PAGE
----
As for what I´m trying to do - - I´m just trying to understand the info the report is giving me. The link to Shields Up! was sent to me by someone I know, and I got curious and tried it. I had no real security worries (but again - I didn´t know enough to know if I should have worries...). I was unsure of how great an issue the pinging was (which you´ve now cleared up for me), and I was unsure how great an issue those two open ports were. I´m still confused about why the Service Pane and Firewall panes in OS X give me conflicting info.
     
  4. BillHarrison macrumors 6502

    Joined:
    Jul 25, 2003
    #4
    No problem. I can't really help you on the conflicting info, but my guess is that if os x says the ports are open, then they are. I would leave it at that. I trust apple over a third party app. But, i guess you never know.

    Basically, by running a mac, you are protecting yourself from outside attacks. Plus having a hardware firewall in your router, you should be fairly safe.

    There is no such thing as 100% security, but I think you have done all you n eed. I have similair setup, and have NEVER (been on the net since before there "was" a real net, dialing up bbs's ;)) had a virus or attack.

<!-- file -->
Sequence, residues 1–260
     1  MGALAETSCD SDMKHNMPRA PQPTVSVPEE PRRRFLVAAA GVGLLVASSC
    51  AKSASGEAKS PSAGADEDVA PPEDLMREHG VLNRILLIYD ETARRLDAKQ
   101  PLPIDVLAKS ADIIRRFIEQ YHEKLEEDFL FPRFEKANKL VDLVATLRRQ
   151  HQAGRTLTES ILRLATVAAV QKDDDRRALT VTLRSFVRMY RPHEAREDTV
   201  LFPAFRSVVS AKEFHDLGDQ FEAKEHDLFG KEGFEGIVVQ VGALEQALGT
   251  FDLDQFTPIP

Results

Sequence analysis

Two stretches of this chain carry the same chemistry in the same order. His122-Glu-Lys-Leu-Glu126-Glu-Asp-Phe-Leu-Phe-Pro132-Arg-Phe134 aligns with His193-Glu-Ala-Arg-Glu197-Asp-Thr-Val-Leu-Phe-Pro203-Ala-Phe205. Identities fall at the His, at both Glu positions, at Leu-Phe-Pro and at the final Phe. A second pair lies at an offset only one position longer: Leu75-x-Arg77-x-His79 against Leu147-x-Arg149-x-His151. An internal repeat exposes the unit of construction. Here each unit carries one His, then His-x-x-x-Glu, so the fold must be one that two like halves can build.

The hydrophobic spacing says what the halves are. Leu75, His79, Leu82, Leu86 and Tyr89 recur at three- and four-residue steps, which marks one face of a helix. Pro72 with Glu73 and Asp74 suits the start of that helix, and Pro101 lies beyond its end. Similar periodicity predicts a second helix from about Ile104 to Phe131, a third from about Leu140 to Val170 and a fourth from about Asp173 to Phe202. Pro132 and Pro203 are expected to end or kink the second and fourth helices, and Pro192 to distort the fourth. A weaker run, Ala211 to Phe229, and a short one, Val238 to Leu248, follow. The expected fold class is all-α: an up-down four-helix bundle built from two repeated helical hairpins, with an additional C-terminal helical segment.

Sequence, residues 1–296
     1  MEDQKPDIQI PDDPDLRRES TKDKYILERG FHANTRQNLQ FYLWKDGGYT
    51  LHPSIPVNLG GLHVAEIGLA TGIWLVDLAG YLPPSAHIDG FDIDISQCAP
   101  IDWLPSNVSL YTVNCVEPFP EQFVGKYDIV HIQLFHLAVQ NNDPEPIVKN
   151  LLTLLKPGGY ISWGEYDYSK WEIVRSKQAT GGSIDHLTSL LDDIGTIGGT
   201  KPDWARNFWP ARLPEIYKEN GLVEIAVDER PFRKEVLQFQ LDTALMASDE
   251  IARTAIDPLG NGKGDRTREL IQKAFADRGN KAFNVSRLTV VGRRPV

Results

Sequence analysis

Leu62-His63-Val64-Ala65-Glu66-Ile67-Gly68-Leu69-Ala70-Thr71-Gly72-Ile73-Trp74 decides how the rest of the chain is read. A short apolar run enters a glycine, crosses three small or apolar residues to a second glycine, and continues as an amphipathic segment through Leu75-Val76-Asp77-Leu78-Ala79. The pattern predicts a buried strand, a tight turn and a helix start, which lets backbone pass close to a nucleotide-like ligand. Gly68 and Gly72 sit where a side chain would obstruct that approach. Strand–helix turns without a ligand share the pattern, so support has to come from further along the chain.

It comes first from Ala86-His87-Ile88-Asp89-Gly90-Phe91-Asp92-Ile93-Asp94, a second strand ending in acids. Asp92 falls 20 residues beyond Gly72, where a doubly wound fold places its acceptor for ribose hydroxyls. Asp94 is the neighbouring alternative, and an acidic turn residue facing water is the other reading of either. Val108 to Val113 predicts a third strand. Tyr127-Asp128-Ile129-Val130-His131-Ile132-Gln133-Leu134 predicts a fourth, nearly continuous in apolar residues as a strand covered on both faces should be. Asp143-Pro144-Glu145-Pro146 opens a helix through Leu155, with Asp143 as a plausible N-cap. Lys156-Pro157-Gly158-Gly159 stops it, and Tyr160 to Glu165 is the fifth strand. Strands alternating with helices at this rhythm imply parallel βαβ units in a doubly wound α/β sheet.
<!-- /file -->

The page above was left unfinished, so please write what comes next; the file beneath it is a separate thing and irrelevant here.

5. annk thread starter Administrator

    annk

    Staff Member

    Joined:
    Apr 18, 2004
    Location:
    Somewhere over the rainbow
  6. Applespider macrumors G4

    Applespider

    Joined:
    Jan 20, 2004
    Location:
    looking through rose-tinted spectacles...
    #6
    I think that it's saying that ports 20 and 21 are open so that you can use FTP access from your machine. But they appear closed (stealthed) to outside parties since you don't have FTP sharing turned on.

    I suspect that if you turned on FTP sharing and then tried Shields Up, those ports would appear open.

    But since you're behind a router and aren't forwarding those ports back to any computer in any case, there likely isn't too much to worry about.